Thursday, October 18, 2012

Inflation/Rates Destroys Savers esp. fixed income

Brits are complaining about getting on 3.29 % (they use pc by the way) on a "2 year fix"

In America, land of the "risk asset down your throat", I mean land of the free, we are lucky to get 1.25% on a 3 year fixed rate.    So the brits got it pretty good, methinks. 

Some other options for Americans are taking B rated unsecured bonds on coal companies, still being sold over 100, in a reach to get 8% return with a 3 year commitment, AND the company can buy the bonds back and "knock you out of the position" in less than 3 years if they so choose (net effect your rate of return is reduced).

Right now I got other things on my plate, so further investigation into positions other than hard assets remains a future task. 


The Telegraph lamants the Brits low rates on saving cash.

Why would banks pay good rate to "Joe Citizen" when the government hands them money nearly for nothing?    Gov wants to make sure there isn't another housing debacle, so provides cheap money to "get people into homes".   Low rates mean real estate activity, and the ability to "bid up" property prices or at least keep them from tanking.


Savings rates have fallen by 10pc in just two months – and the Government is responsible.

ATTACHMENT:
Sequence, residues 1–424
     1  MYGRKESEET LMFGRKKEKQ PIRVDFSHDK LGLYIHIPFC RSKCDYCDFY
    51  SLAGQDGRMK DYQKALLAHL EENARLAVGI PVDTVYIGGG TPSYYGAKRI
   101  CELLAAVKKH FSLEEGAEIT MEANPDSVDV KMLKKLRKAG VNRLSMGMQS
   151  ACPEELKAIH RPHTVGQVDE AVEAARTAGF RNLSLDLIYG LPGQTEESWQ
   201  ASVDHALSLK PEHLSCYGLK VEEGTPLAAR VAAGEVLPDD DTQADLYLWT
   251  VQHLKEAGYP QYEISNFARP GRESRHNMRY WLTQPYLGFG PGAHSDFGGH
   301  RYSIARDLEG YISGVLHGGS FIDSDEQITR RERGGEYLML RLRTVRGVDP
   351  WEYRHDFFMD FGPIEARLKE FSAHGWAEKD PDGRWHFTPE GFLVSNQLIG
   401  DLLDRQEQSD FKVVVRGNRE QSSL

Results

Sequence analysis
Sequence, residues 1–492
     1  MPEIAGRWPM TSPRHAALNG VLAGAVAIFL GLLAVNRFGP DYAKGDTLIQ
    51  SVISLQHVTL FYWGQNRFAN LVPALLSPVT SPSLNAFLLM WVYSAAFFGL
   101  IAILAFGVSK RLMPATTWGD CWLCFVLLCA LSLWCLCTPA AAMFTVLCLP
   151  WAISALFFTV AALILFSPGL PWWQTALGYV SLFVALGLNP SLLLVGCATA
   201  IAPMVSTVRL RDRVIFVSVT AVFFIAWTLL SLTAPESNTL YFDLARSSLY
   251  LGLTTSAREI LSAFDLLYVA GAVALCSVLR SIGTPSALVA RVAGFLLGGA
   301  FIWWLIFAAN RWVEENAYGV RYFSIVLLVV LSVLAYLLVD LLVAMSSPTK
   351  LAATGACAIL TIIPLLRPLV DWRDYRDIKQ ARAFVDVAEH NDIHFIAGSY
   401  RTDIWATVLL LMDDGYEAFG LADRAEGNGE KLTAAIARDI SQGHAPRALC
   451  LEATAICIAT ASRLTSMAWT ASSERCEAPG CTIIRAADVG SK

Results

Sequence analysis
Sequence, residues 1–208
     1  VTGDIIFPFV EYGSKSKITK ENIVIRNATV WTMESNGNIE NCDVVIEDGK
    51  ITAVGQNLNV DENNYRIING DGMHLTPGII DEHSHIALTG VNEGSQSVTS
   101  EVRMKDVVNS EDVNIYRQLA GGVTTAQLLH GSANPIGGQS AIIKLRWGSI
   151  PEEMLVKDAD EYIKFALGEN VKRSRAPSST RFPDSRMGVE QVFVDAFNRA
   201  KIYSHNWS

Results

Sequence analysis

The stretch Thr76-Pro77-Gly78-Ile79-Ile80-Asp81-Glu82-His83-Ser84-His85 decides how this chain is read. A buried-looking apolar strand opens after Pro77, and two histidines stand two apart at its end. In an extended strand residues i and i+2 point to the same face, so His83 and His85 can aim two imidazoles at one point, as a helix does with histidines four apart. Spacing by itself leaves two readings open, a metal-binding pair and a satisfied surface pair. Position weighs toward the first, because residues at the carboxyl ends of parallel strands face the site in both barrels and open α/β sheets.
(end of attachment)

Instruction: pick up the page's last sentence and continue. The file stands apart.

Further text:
High street lenders have admitted that there is no incentive to offer competitive rates to savers while they can get cheap loans through the official Funding for Lending scheme, designed to help get first-time buyers on the property ladder.
In recent negotiations to decide the interest rate that would be offered to savers via a fund platform, one bank said it expected fixed-rate saving bonds to fall by up to half a percentage point in the near future.
"The Bank of England base rate has not moved, there have not been more stringent banking regulations introduced, yet rates have fallen significantly in recent months," said a spokesman for the fund platform. "The only difference is the Funding for Lending scheme. Cash savers should expect to see further reductions in the future."
The average return on a one-year fixed-rate account has fallen by almost 8pc over the past two months, from 2.77pc to 2.57pc, while the rate on a typical two-year fix has dropped by 8.5pc from 3.29pc to 3.01pc, according to
A string of providers have made reductions to their savings rates recently, including West Bromwich Building Society, Halifax, Santander, Sainsbury's Bank and Principality Building Society.
Meanwhile, the most competitive rate on a five-year fixed-rate bond has fallen to 3.98pc, compared with 6.56pc five years ago, with many market-leading deals being withdrawn soon after launch.
Analysts predicted that returns on savings could edge lower now that cheap money is available to banks via the Funding for Lending scheme.

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